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insane as to imagine that all races are made for their specific interest and pleasure ; they do not in any way contribute one farthing to the stakes, or any expense connected therewith, and consequently their sentiments are altogether void of influence. Admitting that the riding of some gentlemen is far superior to that of others, the same disparity exists among jockeys, especially in handicaps, where mere infants of four stone are put up to contend against such superior men as Robinson and Flatman. On the other hand, the taste for racing which is engendered by these engagements is a valid reason why they should be encouraged. Race-riding gives a gentleman an insight to the practical part of racing, which he never can acquire by any other means.
Newmarket certainly does not, at the present period, preserve its ascendency over other meetings, with the unqualified bearing of former years, notwithstanding it possesses recommendations and inducements above any other place, so far as the interest of owners of horses may be considered. There are plenty of experienced trainers to take charge of any number of horses upon terms not more expensive than at other training establishments. There is also ample accommodation for others who may attend with horses from distant parts, free from the drawbacks to profit which are too conspicuous at many provincial meetings, in the character of subscriptions to future stakes, exorbitant demands for stabling, and other necessary accommodations. A trifling subscription for each horse going to exercise, which is appropriated to keeping the exercise-ground in good order, and a very moderate per-centage to the stakeholder for all sums paid by him to the winner, covers the exactments-unless it be the subscription to the plates, which is only required from those who run their horses for them. There are stakes to be run for of the most diversified kind, for all ages, for almost any amount, at all distances recognized by racing practices, and over a great variety of courses. Another great recommendation may be noticed : the exercise ground is good and varied, close to the stables; and horses trained there are on the spot to run for their engagements, without the risk or expense of travelling. The most superior talent is to be obtained in the very requisite service of the jockey ; and yet, with all these recommendations, Newmarket does not hold its comparative position with many other meetings.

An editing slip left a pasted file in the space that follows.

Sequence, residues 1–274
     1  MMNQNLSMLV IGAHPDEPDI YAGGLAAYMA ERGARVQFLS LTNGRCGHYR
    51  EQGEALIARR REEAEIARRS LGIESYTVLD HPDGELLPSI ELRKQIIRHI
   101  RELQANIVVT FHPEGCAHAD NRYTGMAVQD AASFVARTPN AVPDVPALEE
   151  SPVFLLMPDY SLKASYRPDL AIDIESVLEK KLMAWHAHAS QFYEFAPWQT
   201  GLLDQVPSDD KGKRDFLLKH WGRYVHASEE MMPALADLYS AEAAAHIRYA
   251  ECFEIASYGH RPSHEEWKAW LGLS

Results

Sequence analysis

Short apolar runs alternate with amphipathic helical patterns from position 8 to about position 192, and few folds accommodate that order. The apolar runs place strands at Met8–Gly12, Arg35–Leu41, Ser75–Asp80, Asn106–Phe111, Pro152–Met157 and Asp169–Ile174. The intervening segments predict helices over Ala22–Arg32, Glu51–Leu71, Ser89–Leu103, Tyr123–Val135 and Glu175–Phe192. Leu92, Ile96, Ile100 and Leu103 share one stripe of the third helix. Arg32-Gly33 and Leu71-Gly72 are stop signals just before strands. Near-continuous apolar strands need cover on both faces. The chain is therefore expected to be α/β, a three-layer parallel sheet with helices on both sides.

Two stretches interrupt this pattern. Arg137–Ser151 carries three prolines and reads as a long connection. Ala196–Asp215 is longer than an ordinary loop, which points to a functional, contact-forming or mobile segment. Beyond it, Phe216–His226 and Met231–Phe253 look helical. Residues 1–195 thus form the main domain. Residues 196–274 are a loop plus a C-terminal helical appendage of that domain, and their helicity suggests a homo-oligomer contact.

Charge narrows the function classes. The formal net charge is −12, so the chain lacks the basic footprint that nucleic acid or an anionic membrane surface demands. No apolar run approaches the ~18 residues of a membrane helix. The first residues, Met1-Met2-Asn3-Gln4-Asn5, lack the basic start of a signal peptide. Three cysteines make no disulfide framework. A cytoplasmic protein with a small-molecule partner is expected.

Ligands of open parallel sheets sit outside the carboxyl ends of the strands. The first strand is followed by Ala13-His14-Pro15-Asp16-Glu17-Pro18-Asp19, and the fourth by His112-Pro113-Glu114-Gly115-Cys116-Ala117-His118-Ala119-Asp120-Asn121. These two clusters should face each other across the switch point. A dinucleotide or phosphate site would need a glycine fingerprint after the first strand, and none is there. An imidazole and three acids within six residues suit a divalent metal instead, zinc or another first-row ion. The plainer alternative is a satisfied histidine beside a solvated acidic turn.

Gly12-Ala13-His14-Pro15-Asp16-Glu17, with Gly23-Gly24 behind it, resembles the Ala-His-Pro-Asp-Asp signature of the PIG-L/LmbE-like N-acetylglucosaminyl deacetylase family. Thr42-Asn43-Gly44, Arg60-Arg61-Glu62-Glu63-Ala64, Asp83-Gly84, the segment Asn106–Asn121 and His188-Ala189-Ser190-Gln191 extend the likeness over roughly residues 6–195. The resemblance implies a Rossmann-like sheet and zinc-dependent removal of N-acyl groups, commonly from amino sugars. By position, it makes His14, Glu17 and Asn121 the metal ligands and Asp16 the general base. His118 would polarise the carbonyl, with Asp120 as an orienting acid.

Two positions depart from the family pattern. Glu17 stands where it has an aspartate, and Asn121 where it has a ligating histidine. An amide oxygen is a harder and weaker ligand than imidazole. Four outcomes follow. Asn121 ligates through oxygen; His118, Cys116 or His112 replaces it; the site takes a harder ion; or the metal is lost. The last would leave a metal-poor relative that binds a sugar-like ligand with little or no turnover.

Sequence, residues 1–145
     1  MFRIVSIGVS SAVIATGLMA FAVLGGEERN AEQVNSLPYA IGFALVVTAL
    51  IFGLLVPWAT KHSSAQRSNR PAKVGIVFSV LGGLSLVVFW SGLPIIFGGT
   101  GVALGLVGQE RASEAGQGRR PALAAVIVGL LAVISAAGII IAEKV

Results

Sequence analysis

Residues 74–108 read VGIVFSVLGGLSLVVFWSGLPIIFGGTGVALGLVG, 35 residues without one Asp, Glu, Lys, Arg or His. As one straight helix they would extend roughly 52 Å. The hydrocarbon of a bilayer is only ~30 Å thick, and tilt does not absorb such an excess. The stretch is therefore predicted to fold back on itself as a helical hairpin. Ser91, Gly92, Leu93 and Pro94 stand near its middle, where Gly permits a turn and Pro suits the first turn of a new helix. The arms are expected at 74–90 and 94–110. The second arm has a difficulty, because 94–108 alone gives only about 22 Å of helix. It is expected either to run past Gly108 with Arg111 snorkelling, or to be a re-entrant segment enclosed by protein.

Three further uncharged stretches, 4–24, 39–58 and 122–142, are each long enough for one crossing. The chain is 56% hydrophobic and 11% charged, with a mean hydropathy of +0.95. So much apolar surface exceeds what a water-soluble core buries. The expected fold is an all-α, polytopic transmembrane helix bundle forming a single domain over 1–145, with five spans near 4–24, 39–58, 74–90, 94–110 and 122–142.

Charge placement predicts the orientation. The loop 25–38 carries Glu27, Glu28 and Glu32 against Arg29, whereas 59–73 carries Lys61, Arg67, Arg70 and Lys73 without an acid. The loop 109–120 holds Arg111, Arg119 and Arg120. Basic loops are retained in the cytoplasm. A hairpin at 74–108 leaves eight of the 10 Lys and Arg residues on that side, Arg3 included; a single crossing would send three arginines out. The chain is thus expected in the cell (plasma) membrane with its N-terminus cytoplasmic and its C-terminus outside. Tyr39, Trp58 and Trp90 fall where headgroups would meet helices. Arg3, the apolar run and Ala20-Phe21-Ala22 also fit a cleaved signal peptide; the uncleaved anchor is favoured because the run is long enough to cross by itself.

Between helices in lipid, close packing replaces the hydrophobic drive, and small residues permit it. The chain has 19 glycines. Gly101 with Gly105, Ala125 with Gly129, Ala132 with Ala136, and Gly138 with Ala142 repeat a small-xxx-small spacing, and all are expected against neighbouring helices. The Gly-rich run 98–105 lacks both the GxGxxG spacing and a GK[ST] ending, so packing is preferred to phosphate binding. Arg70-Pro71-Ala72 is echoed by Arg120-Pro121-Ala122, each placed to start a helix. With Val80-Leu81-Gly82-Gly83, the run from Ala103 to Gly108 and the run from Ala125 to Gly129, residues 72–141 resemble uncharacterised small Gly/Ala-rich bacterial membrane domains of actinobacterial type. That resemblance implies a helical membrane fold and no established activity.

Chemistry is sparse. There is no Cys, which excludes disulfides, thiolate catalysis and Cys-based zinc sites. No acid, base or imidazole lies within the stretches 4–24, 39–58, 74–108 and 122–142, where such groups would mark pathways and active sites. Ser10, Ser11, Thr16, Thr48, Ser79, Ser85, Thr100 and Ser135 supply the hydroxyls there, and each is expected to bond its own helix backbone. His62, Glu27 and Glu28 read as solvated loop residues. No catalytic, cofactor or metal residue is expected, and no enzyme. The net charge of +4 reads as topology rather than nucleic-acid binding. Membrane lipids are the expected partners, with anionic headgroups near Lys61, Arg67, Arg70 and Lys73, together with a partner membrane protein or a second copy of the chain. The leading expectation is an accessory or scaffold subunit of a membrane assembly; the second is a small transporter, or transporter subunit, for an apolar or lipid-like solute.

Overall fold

Enough may be gleaned from these facts to prove that it is only by the strenuous efforts of committees, and those who take an interest in the prosperity of meetings in their own immediate locality, that they are enabled to do so with success, by offering large sums to be contended for. At one time the renown of Doncaster was tottering; York had descended almost to insignificance; and Cheltenham has been withdrawn from the pages of the Racing Calendar, but not without some reflections on the supine laxity of the inhabitants, acted npon in a great measure by the exhortations of a certain worthy divine, who, in the zealous discharge of his duties, thinks fit to denounce, in the most unqualified language, every amusement calculated to relieve the people from the irksome drudgery of their daily avocations. He most certainly means well, and using less influence to restrain the amusements of the country would confer an essential